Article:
At just over 13,000 feet, the Rohtang La pass was the first to come under our spotlight, and the ride up through some wonderful deodar Cedar forests was something of a curate’s egg. Parts of it were very good. All the high passes in the Himalayas are closed during winter months due to deep snow, and though the lower slopes were on relatively good tarmac, once we got above the tree line the roads fast deteriorated into pot-holed similes of ‘no man’s land’.

Around two hours of solid climbing, through sleet and near-freezing temperatures, saw us reach our first goal. Laughing maniacally, we posed for photos, thoroughly relieved to make the first pass in one piece, and with that monkey off our backs, the run down to our overnight stop at Jispa was a gleeful experience.

We knew we’d reached the top of each high pass due partly to the fact that the road started going downhill again, but mainly when we saw row after row of frayed and colourful prayer flags. Fluttering like so many tattered butterflies, they festooned each pass monument, making them look like Christmas trees decorated by an over-active toddler. We were each given a small string of these flags to attach to our bikes, which tour leader Aman told us was the best insurance he could give us to guarantee a safe ride. The Tibetan word Lung Ta translates as ‘wind horse’, and the five colours represent the elements which must be in balance to produce peace and harmony. Buddhists believe that prayers will be cast over a large area if the flags are strung in high, windy places, so it seemed logical that the route we rode from Manali to the Nubra valley should now be filled with peace and harmony.

Forestry Journal: The tattered butterflies of the Tanglang La monument, festooned with flags.The tattered butterflies of the Tanglang La monument, festooned with flags.


Day two was the longest ride of the trip – four high passes, including the second-highest navigable road in the world (Tanglang La at 17,480 feet), and a total of 11 hours in the saddle. Our ancient Enfields performed admirably, but as we neared the tops the lack of oxygen caused both rider and machine to wheeze a little. Ben had a minor mishap when he collided with a large boulder which robbed him of his exhaust silencer, and though the part was rescued before a following truck driver managed to purloin it, no tools were available to re-attach it to the bike. As a consequence, he spent the remainder of the trip doing an aural impression of Geoff Duke at the TT races.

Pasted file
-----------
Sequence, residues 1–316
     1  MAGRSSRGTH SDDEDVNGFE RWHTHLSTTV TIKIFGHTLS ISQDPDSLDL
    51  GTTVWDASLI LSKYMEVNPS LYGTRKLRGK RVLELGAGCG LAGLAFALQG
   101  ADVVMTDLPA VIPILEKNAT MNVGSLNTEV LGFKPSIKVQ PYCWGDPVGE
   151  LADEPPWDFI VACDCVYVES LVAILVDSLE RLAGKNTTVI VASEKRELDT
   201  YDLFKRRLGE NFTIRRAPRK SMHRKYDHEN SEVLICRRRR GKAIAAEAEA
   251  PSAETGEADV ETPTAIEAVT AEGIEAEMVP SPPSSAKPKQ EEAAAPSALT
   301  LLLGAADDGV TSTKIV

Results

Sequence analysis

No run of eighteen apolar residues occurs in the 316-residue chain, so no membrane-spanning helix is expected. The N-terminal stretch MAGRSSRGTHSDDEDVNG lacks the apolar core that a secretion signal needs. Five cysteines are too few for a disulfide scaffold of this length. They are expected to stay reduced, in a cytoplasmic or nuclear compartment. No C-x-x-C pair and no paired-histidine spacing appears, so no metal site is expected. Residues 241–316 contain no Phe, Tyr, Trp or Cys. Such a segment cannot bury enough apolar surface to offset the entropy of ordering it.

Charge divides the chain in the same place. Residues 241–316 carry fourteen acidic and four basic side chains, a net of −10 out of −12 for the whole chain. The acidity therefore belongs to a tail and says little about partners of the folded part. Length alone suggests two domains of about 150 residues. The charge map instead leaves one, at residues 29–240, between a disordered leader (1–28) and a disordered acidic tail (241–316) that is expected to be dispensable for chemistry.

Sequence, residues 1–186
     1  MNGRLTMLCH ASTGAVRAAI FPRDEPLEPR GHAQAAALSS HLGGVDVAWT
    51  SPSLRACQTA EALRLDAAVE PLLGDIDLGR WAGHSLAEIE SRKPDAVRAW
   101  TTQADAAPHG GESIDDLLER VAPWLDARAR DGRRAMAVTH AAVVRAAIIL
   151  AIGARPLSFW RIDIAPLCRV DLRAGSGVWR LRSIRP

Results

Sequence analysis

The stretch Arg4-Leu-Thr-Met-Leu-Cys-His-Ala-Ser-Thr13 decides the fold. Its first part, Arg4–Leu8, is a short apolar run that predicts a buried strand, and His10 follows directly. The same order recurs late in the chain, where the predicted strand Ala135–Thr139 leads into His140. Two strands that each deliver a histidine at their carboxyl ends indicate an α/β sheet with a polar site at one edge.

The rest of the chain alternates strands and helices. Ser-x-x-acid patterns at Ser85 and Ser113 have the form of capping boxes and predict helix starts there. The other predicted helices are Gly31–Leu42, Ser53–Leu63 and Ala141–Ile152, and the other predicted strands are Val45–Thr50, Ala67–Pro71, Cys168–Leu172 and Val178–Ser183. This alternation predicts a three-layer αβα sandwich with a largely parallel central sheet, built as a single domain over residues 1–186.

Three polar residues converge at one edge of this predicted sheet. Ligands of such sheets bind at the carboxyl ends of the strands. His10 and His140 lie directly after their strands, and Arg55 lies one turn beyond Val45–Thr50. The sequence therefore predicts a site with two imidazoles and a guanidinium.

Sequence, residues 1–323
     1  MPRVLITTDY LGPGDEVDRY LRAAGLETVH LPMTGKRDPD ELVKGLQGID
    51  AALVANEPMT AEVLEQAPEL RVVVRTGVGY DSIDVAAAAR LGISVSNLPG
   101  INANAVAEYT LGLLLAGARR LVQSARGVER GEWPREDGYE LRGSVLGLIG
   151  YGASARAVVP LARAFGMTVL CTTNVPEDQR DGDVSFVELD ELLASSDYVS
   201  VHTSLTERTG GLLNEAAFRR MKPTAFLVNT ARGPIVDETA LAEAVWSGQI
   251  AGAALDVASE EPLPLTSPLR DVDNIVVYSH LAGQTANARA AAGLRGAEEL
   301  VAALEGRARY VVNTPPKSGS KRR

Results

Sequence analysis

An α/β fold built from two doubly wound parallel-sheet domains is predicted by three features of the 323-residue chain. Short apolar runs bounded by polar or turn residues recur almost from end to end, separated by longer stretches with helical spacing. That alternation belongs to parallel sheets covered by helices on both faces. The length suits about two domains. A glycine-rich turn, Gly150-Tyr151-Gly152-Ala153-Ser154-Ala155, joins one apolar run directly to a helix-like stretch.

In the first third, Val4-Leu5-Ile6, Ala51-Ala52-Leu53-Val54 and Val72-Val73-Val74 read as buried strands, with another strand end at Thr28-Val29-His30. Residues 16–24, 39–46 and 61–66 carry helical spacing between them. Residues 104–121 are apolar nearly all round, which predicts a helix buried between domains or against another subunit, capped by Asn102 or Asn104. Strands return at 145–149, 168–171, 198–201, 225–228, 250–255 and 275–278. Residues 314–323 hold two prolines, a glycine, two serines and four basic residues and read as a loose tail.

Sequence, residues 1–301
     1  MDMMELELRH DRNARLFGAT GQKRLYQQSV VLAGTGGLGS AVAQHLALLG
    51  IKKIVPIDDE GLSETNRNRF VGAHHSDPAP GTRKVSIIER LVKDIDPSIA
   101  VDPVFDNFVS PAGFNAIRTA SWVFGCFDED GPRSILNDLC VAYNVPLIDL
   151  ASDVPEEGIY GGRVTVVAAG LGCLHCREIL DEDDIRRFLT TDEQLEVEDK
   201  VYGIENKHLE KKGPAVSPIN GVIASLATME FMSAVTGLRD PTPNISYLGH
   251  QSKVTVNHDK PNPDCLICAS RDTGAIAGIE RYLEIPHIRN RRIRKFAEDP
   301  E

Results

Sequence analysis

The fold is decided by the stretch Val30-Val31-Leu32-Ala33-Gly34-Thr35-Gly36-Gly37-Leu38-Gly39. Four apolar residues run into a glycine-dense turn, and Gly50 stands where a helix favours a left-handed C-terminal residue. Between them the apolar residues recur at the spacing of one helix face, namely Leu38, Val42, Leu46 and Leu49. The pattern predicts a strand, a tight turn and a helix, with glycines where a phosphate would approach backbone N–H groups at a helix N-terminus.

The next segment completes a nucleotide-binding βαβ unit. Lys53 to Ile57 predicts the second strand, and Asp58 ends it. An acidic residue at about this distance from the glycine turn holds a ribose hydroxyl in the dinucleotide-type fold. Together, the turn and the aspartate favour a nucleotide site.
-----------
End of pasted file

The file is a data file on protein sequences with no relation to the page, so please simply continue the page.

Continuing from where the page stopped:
We came across a new challenge on day two, in the form of fast-running rivers of snow melt crossing our path – sometimes up to 18 inches deep and 20–30 feet wide. First through was always our local-born tour leader Aman, so at least we had someone to follow, but even seasoned riders in the group were forced into the odd ‘dab’ mid-stream. Here’s where the first of my well-laid plans came unstuck. I had decent waterproofs and sturdy motorcycle boots, so in theory should have enjoyed a dry ride. However, no matter how good your gear is you’re going to get wet feet when the water is deeper than your boots are high, and some of us took to raising our feet high out of the water each time we crossed a raging torrent. Unfortunately, David came a cropper on one such stream crossing, hitting a deep underwater pothole which caused the front wheel to rear up and to throw him off. Fortunately (due to his prayer flags, no doubt) he fell on dry land rather than in the actual stream and suffered no injury other than to his pride.

Forestry Journal: The beautiful Nubra valley, an oasis of green amidst the mountains.The beautiful Nubra valley, an oasis of green amidst the mountains.

Next morning’s run from Lato to Leh, with the sun shining on the verdant valley of the Indus river, and the barking of Ben’s bike echoing off the mountains either side, was glorious, but entry to Leh was chaotic, with Julian just managing to avoid a local scooter rider who pirouetted gracelessly across his bow, having struck a deep drain cover. The town is a popular destination for Western travellers, as evidenced by the excellent Wi-Fi and coffee (in contrast to everywhere else we stayed), and a peaceful afternoon was spent contacting family back home after two days of email silence.